By Vicki Morris
Mayday in Europe, in addition to the traditional marches, witnessed a number of “Euromayday” events. The organisers are more or less anarchistic activists involved in struggles of the unemployed and insecurely employed and are generally scornful of the “organised” labour movement.
In general, that attitude isn’t helpful. However, the aims of the movement — to organise the unorganised, to foster rank and file control of struggles, to link struggles — are good aims.
In France Euromayday was organised by Stop Précarité, a network for various struggles against “précarité” (the French word for what we are seeing more and more of in the labour market today: insecure or part-time or contract work; migrants having no rights at work).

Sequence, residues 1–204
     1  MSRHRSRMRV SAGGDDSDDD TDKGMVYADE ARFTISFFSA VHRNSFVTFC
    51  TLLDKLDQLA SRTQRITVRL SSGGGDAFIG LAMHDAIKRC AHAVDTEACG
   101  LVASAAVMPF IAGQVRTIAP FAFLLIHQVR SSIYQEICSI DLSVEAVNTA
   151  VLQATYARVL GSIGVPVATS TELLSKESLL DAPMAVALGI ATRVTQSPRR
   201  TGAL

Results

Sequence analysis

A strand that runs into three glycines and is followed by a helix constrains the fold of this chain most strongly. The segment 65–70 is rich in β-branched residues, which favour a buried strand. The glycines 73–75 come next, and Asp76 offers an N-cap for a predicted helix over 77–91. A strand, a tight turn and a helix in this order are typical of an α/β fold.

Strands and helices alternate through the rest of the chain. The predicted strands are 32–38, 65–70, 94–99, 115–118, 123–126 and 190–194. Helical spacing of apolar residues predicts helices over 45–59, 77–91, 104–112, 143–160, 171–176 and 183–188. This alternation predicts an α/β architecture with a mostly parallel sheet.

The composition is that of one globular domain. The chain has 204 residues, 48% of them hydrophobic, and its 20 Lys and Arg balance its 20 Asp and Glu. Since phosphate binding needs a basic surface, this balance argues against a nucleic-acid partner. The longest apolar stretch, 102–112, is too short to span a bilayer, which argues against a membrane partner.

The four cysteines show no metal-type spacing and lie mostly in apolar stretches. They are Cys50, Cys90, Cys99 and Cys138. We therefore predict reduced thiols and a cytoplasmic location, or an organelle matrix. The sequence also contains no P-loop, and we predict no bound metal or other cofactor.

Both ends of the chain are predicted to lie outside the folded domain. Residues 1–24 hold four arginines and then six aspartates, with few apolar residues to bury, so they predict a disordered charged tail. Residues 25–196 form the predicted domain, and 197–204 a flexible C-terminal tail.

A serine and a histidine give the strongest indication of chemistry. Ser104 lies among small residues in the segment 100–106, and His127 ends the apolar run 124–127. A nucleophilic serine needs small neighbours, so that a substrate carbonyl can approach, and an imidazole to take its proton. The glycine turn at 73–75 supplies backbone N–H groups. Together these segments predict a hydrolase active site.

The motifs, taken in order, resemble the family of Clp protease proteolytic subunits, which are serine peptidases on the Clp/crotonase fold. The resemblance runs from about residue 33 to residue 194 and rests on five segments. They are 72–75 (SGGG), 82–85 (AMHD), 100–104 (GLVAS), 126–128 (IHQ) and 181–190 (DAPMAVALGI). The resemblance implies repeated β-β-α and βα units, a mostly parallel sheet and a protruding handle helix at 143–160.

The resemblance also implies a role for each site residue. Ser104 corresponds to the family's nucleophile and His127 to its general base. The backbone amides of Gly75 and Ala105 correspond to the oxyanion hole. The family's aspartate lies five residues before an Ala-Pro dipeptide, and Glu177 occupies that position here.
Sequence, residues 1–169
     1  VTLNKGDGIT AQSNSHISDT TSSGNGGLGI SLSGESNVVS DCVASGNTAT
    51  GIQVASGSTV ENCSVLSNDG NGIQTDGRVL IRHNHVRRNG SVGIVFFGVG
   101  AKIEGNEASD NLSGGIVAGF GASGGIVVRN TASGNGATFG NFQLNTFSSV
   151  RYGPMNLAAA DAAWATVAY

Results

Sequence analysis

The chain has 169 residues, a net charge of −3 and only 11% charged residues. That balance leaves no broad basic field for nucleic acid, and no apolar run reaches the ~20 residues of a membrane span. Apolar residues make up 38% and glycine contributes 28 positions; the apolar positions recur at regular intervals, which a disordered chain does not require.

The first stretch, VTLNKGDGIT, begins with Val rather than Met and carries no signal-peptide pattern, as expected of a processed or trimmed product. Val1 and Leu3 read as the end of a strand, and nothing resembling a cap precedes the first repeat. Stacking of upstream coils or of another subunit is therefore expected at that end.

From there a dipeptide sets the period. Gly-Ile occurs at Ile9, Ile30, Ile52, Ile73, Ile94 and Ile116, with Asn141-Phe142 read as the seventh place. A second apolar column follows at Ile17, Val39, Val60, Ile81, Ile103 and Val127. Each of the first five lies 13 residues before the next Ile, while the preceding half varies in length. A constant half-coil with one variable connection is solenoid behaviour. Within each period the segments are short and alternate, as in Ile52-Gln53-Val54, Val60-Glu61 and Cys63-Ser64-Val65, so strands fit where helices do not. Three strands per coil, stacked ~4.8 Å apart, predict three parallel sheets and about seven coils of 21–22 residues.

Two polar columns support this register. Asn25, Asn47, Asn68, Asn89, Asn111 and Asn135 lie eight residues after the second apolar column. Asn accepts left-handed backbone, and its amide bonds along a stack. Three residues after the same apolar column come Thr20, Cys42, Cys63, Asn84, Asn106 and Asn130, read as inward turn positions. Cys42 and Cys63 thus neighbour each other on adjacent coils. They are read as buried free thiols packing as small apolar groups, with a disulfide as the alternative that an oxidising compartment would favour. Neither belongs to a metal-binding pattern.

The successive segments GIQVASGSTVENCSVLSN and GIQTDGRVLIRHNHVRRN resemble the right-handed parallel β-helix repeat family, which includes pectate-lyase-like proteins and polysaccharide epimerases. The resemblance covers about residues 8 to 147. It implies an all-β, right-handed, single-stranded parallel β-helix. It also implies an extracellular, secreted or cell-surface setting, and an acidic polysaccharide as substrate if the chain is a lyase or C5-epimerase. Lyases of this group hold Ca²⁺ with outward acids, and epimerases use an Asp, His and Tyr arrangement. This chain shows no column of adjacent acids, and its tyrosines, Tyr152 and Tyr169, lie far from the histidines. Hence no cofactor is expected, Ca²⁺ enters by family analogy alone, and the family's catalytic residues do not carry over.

The Euromayday actions in France included occupying the bar at one of the plush hotels belonging to the Accor group and declaring “the drinks are on the house!”.
The hotel is cleaned by low-paid women, employees of sub-contractor Arcade. After a year of strike the women won an industrial battle with their employer in 2003.
However, one of their leaders, Faty Mayan, was sacked afterwards for her union activities. She has been challenging the sacking using all possible legal procedures.